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Good Will Hunting (1997)
A moving and fantastic movie. I never get tired of this film!
Good Will Hunting is the film that was unlucky to have been made in the same year as Titanic. Sadly while Titanic left with 13, it left Good Will Hunting with only 2, and unfairly so. For while no one denies that Titanic was impressive enough, Good Will Hunting should have left with the credit it deserved. This combination of Gus Van Sant's direction and the divine writing of Matt Damon and Ben Affleck was one of the best films that I have ever seen. You are greeted with Will Hunting, a sadly disturbed guy who has the most amazing mind, yet can not make himself take advantage of this gift because he is afraid of the consequences. The film looks stunning, with excellent use of camera angles, while the relationships between the various characters develop with so much sincerity that you can really empathise with them. The stars of the piece are not Damon and Affleck however, but Robin Williams and Stellan Skarsgard, as the shrink who is able to get into the head of brilliant young Hunting and the genius maths professor who discovers Hunting and then spends the rest of the film wishing that he hadn't. The casting of Robin Williams in the serious role of Sean Maguire is excellent; after all Williams often performs his best work when allowed to take off the comic mask that he is so well known for. There is little I can find to criticise this movie with, sometimes the music fails to live up to what it could, but that is just nit-picking! When I saw this, I had already seen Titanic and after, I went to see Titanic again. It was then that I realised that the main element of the film that was any good was the actual sinking of the ship, and that the other two and a half hours were merely there to keep you going to build you up to the ship sinking. If you are looking for a movie to show the development of a relationship between two people, watch Good Will Hunting. Good Will Hunting gives you the hope that things can work out in the end. Also if you have the option, I urge you to listen to the audio commentary that you can get on the DVD, and see how things developed during the making of this utterly superb film.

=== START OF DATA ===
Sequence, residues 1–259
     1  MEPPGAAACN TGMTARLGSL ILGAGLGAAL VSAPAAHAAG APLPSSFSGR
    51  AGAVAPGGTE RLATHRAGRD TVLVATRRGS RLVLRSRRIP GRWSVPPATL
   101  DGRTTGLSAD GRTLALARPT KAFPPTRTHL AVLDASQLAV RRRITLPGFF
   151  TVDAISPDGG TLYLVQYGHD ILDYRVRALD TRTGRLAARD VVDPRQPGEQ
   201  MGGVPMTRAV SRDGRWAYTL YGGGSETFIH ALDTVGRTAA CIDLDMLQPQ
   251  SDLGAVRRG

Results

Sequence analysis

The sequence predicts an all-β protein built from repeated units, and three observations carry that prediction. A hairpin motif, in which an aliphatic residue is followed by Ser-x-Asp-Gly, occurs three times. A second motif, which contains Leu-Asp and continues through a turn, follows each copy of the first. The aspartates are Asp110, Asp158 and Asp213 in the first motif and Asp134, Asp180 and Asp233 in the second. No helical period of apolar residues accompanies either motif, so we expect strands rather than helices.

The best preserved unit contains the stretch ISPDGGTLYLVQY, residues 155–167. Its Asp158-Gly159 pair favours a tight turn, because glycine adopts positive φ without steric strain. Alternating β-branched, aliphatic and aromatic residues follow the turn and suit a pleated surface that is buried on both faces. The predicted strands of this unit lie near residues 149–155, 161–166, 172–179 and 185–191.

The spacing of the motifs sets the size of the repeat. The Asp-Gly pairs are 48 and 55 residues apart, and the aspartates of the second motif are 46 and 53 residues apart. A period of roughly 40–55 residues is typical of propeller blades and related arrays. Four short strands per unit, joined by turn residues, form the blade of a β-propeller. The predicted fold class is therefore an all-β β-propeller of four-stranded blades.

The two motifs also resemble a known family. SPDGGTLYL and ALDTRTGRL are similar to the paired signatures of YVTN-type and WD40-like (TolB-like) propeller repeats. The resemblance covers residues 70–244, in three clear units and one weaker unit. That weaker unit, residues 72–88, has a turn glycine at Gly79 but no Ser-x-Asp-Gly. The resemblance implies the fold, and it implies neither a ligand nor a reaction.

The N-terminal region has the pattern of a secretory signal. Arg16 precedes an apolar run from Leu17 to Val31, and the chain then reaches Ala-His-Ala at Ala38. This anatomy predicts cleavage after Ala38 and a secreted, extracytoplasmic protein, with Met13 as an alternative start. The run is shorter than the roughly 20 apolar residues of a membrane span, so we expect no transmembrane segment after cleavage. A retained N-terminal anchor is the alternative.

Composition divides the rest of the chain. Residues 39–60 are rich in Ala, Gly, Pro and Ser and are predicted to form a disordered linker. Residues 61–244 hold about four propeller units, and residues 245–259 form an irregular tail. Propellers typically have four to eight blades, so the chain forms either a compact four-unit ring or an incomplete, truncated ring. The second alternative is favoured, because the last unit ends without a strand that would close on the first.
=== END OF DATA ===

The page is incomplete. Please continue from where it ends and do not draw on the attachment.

American Beauty (1999)
What a great film! You should all see it again and again!
This Sam Mendes film truly is a coup de grace among mediocre substitutes. This scarily accurate portrayal of the various people who all appear sane on the outside, but inside are all as dysfunctional as each other and joined by the fact that everything about them is a lie, is moving and a powerful tribute to the fact that it is possible to make classic movies in an era where it is one good film per thousand. The cinematography is good, especially with the interaction between normal film and home camcorder, the original score served its dramatic purpose (thanks once again to Thomas Newman) and the casting is inspired. Though the essence of the film is obviously not in its technical side, but in its deliverance of its central message. The narration of Kevin Spacey, who gets better in every movie he is in, carries us along the delusion and degradation of his existence and he wakes up to the fact that he does not like what he has become. His voice merely echoes what most of us either feel or have felt that we do not live up to what we saw for ourselves when we were younger. The harsh reality of it lies in that no matter what we do to try to obtain what it was we lost, we can strive forever but something will always get in the way in the end. Undoubtedly this film will make you want to get up off the sofa, switch off the TV and do something about yourself, and so it should. If we get one thing out of Mr. Mendes' masterpiece, it should be to live for the moment and enjoy your life.
Meet Joe Black (1998)
One of the best films of 1998, I can't praise this film enough!
I must admit to have been slightly hesistant when I first heard about Meet Joe Black because of the subject matter and its length, however I found this film to be superb.
The acting was believable, the cinematography of the film was well thought out and extremely picturesque. The soundtrack by Thomas Newman (the Shawshank Redemption) went from chilling to the most beautiful melodies that I have ever heard (giving, in my humble opinion, any classical composer a run for their money), adding an extra depth to this film.
There are no in-betweens in this film: you WILL either love or hate this film. However, I can say that this film is one of the most uplifting and life affirming movies that I have ever seen. It left me both moved and confident that the world was not such a bad place after all. Just like the Shawshank Redemption told us that hope is not a bad thing, so Meet Joe Black tells us that indeed love can conquer all better than Titanic ever could.